List of selected artworks. Maps for the tour in the museum



Azucena Vieites

Tableau vivant

March 20 – July 22, 2013
Sabatini Building, Floor 1, Espacio Uno and the Protocol Room

Using drawing and collage as her main work tools, Azucena Vieites (Hernani, 1967) engages in a process of appropriation and iconographic resignification of materials and references that are linked to the contemporary cultural imaginary.

Through this exercise in visual re-elaboration, Vieites explores the expressive potential of non-linear forms of narration and knowledge production, and at the same time critically reflects on questions such as the conception of aesthetic creation as a processual task always linked to a certain social and economic context, or the need to generate discursive strategies that help break the binary logic that persists in many of today's cultural representations.

In the configuration and evolution of her artistic practice, in which a series of stylistic and conceptual constants can be recognised (intensive use of fragmentation and repetition, the search for expressive immediacy, and commitment to collaborative work...) and which has been closely linked, ever since her projects with Colectivo Erreakzioa-Reacción, to feminist and queer activism, a primary role has been played by the notion Do It Yourself . And particularly by one of the most emblematic historical manifestations of the DIY culture: the fanzine, a type of publication that has given collectives without access to traditional means of production a tool that allows them to document and give visibility to their own representations.

In her most recent works, Azucena Vieites has focused her gaze on the ways in which children do things. These ways of doing things reveal a will to construct language and an ability to overcome norms and social conventions, two qualities that, in the artist's opinion, should always be present in artistic practices, whose main objective is to generate in spectators a feeling of strangeness that leads them to rethink their relationship with the surroundings. Vieites' show at Museo Reina Sofía was preceded by a workshop for children called Colouring Book, in which a group of children modified, by colouring them, some of her works. Part of the material generated by this workshop is shown in Tableau vivant, where we can also see the first video piece by this artist and a set of serigraphs made with pre-existing images that allow her to explore - and question - the distinction between original work and copy (between a one-of-a-kind work and works in series, or reproducible work).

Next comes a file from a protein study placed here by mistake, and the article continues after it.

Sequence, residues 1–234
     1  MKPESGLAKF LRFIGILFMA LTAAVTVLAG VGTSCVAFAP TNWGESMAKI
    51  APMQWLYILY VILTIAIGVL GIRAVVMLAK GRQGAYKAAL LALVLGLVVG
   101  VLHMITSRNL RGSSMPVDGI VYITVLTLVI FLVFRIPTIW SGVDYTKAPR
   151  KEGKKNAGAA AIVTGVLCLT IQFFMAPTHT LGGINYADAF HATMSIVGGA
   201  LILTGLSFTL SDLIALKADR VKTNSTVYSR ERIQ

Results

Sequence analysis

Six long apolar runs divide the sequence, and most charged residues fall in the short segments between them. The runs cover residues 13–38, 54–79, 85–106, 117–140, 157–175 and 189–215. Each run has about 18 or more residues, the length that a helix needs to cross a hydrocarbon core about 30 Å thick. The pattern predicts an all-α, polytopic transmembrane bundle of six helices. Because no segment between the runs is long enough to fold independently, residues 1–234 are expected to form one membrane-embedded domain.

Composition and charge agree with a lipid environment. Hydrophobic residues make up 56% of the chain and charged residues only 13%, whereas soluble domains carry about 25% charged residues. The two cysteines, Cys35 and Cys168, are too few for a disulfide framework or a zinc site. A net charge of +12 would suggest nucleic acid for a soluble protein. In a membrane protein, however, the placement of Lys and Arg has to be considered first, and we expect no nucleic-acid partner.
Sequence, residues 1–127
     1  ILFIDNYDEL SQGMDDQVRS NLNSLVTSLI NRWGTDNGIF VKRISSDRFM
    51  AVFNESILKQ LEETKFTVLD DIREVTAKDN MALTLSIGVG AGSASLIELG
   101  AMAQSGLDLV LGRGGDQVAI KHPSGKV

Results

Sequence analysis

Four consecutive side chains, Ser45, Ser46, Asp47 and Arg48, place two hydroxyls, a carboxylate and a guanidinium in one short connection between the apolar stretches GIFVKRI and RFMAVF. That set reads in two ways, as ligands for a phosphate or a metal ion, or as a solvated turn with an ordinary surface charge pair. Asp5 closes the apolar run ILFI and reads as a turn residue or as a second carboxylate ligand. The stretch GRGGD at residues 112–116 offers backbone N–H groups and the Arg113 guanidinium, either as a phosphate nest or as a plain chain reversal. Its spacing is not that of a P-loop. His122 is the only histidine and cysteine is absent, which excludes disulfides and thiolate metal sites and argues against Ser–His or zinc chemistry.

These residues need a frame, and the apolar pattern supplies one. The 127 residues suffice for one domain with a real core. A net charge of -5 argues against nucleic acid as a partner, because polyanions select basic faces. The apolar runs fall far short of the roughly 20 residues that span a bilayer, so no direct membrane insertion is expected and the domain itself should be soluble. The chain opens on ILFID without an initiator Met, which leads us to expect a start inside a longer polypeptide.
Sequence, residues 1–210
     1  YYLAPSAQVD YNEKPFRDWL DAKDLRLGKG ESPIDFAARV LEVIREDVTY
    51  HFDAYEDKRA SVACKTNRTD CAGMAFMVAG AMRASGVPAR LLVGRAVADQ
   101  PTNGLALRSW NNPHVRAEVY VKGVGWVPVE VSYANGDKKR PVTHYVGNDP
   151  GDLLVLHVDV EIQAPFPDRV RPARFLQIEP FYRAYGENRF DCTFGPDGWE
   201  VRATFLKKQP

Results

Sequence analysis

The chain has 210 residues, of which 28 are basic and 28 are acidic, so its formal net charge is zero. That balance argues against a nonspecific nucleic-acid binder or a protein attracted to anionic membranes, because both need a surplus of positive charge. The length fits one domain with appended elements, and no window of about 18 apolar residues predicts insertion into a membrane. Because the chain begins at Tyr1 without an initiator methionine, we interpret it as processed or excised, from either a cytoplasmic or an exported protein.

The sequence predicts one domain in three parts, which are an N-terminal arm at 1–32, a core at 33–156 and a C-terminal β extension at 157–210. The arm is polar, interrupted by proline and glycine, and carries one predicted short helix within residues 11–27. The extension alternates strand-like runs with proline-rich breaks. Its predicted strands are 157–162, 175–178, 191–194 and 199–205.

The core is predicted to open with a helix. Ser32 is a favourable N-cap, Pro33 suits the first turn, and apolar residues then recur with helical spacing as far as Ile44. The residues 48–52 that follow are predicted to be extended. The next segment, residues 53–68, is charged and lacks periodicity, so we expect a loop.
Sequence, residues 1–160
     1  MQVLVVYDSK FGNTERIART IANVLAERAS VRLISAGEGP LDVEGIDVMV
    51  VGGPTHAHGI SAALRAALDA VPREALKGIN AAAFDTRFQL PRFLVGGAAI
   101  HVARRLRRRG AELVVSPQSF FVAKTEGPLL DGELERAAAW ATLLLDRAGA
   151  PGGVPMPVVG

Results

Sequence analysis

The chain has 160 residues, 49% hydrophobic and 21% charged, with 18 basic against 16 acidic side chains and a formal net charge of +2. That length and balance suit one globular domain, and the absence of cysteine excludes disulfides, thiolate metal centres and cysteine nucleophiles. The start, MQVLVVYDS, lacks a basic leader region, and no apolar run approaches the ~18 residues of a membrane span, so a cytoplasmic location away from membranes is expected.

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Exhibition´s details

Organized by: 
Museo Nacioanl Centro de Arte Reina Sofía
Azucena Vieites


Current exhibitions

  • Ree Morton, Signs of Love (Detail), studio of the artist, 1976 © Estate of Ree Morton. Courtesy Alexander and Bonin, New York and Annemarie Verna, Zurich
    May 20 - September 28, 2015

    Ree Morton

    Be a Place, Place an Image, Imagine a Poem

  • Exhibition view. Carl Andre. Sculpture as Place, 1958-2010, 2015
    May 5 - October 12, 2015 Palacio de Velázquez. Parque del Retiro

    Carl Andre

    Sculpture as Place, 1958-2010

  • Vista de sala de la exposición. Federico Guzmán. Tuiza. Las culturas de la jaima, 2015
    April 16 – August 30, 2015

    Federico Guzmán

    Tuiza. The Cultures of the Bedouin Tent

  • Paul Klee. Baldgreis, 1922. Oil on cardboard, 40.3 x 37.4 cm. Kunstmuseum Basel © Kunstmuseum Basel
    March 18 - September 14, 2015

    White Fire

    The Kunstmuseum Basel Modern Collection

  • Pablo Picasso. Buveuse d’absinthe (The Absinthe Drinker), 1901. Oil on canvas, 81 x 60 cm. Im Obersteg Foundation, permanent loan to the Kunstmuseum Basel. Photography: Mark Gisler, Müllheim
    March 18 - September 14, 2015

    Collectionism and Modernity

    Two Case Studies: The Im Obersteg and Rudolf Staechelin Collections

  • Exhibition view. Not Yet. On the Reinvention of Documentary and the Critique of Modernism, 2015
    February 11 - July 13, 2015

    Not Yet

    On the Reinvention of Documentary and the Critique of Modernism